Birmingham has undergone a considerable amount of change over the past 10 years and it’s only set to continue as work progresses on the city’s largest mixed-use space, Paradise Birmingham. But one photographer is exploring just exactly how this change is affecting the spaces and places of the second city through an exciting and rather intimate new photography exhibition.
Led by one of the city’s more familiar business faces, Philip Singleton, Birmingham Dust features 12 of Birmingham’s buildings photographed as part of the Pause Project, exploring his relationship with the city and its spaces and places, through artistic photography.
Showcased at Argentea Gallery in the Jewellery Quarter June 2018, the images will be hung on concrete tablets, which gives further connection to the subject matter of architecture, construction and the format serving as a vivid memorial to places that might soon be gone.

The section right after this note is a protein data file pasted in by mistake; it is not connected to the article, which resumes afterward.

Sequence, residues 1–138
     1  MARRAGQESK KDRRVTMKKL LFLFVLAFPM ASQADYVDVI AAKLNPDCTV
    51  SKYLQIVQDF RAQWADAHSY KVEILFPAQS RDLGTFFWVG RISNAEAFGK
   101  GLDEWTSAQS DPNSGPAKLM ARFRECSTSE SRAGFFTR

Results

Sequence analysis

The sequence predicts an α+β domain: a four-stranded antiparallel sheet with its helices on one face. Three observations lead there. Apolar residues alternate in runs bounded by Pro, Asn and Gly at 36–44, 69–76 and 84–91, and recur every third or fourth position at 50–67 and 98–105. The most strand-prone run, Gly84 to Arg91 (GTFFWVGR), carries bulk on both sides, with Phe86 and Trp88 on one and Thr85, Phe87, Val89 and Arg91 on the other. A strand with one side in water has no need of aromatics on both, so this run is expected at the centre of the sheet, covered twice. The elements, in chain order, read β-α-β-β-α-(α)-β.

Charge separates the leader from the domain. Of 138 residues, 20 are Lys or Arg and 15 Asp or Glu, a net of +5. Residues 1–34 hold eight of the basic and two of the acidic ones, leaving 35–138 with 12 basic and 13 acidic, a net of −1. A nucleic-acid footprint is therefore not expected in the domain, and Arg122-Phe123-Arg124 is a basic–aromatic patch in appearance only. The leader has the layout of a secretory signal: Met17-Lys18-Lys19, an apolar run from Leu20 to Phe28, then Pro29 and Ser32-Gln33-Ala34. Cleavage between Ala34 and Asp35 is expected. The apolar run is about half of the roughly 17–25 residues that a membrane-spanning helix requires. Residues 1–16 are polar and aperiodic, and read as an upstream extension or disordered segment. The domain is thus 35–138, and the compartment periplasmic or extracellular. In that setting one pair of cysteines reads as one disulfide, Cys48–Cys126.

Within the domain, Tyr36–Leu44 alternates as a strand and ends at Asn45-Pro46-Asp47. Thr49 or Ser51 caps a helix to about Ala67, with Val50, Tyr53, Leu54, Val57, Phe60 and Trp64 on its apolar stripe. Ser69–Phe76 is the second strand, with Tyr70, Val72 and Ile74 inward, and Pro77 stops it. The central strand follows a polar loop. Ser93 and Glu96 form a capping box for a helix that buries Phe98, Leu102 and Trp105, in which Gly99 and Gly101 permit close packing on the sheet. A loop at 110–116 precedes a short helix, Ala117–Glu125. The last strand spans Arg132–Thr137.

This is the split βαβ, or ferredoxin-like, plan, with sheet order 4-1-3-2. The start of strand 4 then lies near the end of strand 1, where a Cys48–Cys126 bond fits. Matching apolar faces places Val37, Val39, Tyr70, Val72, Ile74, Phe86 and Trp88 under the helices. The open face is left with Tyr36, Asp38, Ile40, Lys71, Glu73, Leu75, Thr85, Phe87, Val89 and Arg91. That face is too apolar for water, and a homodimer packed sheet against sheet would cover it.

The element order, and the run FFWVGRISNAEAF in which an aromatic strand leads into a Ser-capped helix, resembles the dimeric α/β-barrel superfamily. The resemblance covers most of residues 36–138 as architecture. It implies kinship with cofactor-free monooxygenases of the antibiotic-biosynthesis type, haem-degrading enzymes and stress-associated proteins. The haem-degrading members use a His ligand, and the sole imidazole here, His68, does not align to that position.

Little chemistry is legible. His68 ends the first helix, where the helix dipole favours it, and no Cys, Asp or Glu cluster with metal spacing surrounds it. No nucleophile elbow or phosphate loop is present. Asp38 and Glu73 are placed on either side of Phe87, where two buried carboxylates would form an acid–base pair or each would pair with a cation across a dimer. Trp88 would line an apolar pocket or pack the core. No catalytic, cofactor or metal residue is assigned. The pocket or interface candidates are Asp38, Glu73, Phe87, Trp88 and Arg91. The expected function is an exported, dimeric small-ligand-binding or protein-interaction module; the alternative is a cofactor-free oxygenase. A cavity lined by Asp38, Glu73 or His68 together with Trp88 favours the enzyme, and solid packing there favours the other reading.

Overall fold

Among the buildings featured in the exhibition are the Junction Works in Digbeth, the now-demolished Birmingham Conservatoire, The Roundhouse on Vincent Street, The Municipal Bank building on Broad Street, the Christopher Wray Lighting near Millennium Point – currently being preserved as part of a new mixed-used development – and Steelhouse Lane Police Station, which is no longer used by West Midlands Police and now hosts guided tours of its Victorian facilities.